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Osafo-Marfo questions durability of materials used in construction of public schools

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The senior presidential advisor, Yaw Osafo-Maafo, has raised concerns about the durability of materials used in the construction of schools, questioning why many school buildings, particularly those in rural areas, struggle to withstand adverse weather conditions.

Osafo-Maafo explained that during severe storms, such as those experienced during heavy rainfall in the country, houses in these areas often manage to keep their roofs intact, whereas school buildings frequently lose their roofing.

He however argued that the ability of these houses to retain their roofs might be due to the quality of the roofing materials and the workforce used in their construction.

Speaking at the International Educators Summit 2024 on the theme, “Reimagining Education for the Future We Seek: Africa and the World in Dialogue” Yaw Osafo Maafo expressed frustration about this issue and urged the Ministry of Education to ensure this issue is resolved.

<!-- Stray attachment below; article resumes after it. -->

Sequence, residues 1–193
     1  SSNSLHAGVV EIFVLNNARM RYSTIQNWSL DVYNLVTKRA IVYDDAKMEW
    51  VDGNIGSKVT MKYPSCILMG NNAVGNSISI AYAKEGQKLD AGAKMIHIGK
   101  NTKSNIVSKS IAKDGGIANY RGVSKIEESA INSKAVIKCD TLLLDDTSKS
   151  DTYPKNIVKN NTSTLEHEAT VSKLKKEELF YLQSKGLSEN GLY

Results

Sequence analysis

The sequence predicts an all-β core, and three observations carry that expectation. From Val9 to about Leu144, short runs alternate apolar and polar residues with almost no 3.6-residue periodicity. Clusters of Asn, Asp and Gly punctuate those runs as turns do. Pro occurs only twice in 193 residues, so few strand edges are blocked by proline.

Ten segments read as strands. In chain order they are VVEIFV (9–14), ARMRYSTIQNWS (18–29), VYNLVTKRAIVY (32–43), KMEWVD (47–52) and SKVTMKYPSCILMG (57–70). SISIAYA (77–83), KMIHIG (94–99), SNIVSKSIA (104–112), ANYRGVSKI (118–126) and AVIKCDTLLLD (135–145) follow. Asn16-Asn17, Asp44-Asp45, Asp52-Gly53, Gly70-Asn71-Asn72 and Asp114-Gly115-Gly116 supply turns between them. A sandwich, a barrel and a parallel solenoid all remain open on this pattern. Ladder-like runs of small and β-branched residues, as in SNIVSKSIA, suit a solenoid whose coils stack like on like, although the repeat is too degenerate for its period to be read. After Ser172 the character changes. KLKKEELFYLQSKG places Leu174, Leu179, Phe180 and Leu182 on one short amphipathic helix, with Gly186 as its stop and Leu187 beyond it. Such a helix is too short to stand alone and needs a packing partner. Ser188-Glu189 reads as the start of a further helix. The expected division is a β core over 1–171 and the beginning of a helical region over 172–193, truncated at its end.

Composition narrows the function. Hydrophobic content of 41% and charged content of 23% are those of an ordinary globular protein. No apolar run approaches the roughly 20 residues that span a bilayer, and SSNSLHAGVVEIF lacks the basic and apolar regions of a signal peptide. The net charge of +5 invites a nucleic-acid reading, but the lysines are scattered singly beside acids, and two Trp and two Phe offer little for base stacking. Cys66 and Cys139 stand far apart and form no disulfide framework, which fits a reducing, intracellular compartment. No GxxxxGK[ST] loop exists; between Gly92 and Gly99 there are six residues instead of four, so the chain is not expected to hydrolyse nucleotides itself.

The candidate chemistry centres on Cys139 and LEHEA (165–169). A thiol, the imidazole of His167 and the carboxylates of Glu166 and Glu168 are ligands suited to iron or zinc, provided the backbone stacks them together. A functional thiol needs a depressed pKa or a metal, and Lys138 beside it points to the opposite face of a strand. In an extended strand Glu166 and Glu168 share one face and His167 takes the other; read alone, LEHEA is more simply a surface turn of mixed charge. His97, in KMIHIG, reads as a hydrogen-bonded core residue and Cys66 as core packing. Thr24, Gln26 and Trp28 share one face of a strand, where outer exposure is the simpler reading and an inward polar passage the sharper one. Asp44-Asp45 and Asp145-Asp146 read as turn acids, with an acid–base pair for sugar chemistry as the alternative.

“Anytime we have serious storm in a village, you see all the village mud houses standing. The school buildings and the church buildings the roofing goes off. You have been reading the papers, am I lying? But the ordinary houses of the ordinary people in this village keep standing. The roofs are on. Is it not the quality of the roofing? There must be. Why should the school roofing go off and leave buildings in the same place having their roofs on and the school building would have been built even much later, the older houses are much older than the school buildings but their roofs stuck.

“People have carefully and taken time to do it right. So workmanship is a problem in our country when it comes to public buildings. Mr. Minister for Education, I hate hearing school building rifting off after rain when other buildings are standing and these are the things we should be doing with respect to workmanship of our school and public buildings”.

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